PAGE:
Regulation of a Phosphodiesterase and Map Kinase During Dictyostelium Signaling and Multicellular Development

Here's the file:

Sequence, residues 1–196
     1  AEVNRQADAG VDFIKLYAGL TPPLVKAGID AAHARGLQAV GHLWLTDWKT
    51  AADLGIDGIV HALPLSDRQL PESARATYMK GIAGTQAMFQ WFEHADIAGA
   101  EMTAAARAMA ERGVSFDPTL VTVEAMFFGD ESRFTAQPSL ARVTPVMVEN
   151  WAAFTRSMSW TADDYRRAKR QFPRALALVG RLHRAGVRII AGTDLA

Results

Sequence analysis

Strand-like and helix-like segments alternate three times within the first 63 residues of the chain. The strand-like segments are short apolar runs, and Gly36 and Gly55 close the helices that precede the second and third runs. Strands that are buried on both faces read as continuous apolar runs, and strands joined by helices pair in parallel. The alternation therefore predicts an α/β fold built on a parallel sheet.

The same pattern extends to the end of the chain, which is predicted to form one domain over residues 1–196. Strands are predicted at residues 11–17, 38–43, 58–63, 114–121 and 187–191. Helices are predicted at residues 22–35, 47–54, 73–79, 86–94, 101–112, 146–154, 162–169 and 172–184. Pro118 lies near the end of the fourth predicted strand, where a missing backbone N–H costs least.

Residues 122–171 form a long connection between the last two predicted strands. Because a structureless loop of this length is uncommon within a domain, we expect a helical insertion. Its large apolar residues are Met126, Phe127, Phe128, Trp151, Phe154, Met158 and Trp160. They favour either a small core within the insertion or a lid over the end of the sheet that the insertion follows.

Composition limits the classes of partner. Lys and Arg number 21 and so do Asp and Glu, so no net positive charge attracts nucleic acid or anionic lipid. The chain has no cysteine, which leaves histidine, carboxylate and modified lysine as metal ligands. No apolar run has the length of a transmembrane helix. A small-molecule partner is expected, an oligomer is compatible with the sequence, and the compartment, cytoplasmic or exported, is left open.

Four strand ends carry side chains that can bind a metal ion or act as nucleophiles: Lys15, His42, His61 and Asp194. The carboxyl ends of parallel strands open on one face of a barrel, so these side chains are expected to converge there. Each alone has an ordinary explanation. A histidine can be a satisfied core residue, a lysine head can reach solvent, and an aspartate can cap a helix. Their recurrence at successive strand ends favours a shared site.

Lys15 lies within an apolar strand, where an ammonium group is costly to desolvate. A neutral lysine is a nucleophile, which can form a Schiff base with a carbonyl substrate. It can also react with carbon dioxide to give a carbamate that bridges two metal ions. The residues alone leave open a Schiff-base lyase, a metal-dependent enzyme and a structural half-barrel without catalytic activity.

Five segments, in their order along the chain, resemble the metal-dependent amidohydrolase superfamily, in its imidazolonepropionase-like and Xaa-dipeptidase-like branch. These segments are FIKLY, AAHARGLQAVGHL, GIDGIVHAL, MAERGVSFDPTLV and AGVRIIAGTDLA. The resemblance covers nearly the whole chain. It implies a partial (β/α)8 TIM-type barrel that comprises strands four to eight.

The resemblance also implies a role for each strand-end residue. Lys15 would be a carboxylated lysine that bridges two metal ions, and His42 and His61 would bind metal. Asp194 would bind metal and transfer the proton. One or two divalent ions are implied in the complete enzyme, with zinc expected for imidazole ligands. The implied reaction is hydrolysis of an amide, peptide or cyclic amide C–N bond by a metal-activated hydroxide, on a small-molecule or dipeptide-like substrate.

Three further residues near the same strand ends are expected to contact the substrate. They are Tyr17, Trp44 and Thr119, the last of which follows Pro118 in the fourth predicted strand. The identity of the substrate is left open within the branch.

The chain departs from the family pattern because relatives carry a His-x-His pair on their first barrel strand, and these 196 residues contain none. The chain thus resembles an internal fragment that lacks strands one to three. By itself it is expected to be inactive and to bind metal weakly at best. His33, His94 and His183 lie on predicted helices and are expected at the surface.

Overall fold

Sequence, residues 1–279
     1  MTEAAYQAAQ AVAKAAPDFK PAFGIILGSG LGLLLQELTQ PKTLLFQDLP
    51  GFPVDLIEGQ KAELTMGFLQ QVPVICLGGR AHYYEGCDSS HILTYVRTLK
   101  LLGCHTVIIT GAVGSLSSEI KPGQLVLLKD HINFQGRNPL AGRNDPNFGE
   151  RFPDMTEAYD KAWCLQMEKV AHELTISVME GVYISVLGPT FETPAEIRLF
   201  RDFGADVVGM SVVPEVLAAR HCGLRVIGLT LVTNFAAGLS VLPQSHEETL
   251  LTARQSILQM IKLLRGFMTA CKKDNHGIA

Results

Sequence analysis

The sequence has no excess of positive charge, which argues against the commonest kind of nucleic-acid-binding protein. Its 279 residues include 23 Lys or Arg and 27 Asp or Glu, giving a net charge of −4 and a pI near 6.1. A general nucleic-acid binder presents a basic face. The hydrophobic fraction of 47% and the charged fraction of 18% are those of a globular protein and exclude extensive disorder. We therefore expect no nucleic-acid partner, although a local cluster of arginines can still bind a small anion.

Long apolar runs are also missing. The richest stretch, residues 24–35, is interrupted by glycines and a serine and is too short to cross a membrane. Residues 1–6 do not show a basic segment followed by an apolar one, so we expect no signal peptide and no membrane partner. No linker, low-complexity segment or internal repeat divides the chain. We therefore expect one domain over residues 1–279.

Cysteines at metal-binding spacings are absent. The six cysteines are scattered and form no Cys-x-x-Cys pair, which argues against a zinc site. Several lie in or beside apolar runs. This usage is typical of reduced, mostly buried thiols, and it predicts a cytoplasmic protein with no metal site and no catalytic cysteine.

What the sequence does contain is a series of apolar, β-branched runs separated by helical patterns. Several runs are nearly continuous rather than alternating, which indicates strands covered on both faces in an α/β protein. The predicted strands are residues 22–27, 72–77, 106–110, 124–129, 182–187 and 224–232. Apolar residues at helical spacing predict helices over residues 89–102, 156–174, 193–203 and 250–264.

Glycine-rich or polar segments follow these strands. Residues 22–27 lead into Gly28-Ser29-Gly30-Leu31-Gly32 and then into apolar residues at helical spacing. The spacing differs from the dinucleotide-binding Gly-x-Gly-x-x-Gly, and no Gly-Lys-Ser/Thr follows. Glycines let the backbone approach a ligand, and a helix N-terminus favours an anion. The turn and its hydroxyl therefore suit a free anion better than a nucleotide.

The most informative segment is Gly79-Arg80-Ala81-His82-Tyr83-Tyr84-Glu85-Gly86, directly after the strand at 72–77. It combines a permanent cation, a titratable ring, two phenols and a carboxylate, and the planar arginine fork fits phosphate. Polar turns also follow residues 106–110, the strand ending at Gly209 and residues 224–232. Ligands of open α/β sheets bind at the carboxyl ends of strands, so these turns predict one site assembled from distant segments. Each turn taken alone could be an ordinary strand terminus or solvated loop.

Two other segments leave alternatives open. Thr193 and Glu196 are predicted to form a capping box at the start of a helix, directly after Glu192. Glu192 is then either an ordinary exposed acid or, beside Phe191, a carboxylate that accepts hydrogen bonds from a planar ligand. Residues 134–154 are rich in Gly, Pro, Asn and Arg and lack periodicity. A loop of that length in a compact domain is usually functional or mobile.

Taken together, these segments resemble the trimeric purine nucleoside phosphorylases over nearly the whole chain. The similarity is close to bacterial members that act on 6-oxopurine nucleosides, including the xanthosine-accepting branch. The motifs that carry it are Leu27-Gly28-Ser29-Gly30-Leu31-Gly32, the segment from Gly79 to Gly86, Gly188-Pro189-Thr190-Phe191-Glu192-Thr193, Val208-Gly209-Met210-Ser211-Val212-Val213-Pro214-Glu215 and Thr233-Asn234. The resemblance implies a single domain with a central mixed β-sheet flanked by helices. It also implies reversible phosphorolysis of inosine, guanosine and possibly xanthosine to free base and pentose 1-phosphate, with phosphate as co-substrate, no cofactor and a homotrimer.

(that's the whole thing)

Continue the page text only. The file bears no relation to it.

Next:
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Many eukaryotic signaling pathways use cAMP as a secondary messenger to evoke specific responses to different external stimuli. Here, localized levels of cAMP can be controlled by phosphodiesterases, which are sometimes regulated by phosphorylation. Dictyostelium discoideum offers an excellent model system to study signal transduction pathways such as the regulation of phosphodiesterases as it contains relatively few cAMP-specific phosphodiesterases compared to mammals. The cAMP-specific phosphodiesterase, RegA, regulates important steps in Dictyostelium development and is negatively regulated by the MAP kinase, Erk2. This inactivation occurs periodically by external cAMP pulse where a cell-signaling pathway activates Erk2. Mammalian studies have suggested that the cAMP-dependent protein kinase, PKA, can also regulate the phosphodiesterase activity. This putative regulation of PKA on the activity of RegA has not been fully investigated in Dictyostelium. Mass spectrometry was used to detect potential phosphorylation sites on RegA. Two sites of interest have been identified, including a PKA phosphorylation site. Phosphomimic and phosphoablative mutations for the three sites have been constructed. The phenotypes of cells carrying these mutations have been analyzed for their impact on development and cell fate. This study supports the hypothesis that RegA is regulated by multiple phosphorylation events to influence signaling during multicellular development. To study upstream aspects of this signaling pathway the erk2 gene in Dictyostelium was disrupted The absence of Erk2 resulted in a complete loss of folate and cAMP chemotaxis suggesting that this MAPK plays an integral role in the signaling mechanisms involved with this cellular response. Multicellular development was also impacted as was the phosphorylation of Erk1 as a secondary response to folate stimulation. Loss of the only known Dictyostelium MAPK kinase, did not impact Erk2 phosphorylation in response to folate and cAMP. This lack of MAP2K phosphorylation of Erk2 and the sequence similarity of Erk2 to mammalian MAPK15 (Erk8) suggest that the Dictyostelium Erk2 belongs to a group of atypical MAPKs. These studies of RegA and Erk2 suggests that Dictyostelium represents a good model for the study of the regulation of phosphodiesterases and atypical MAPKs.
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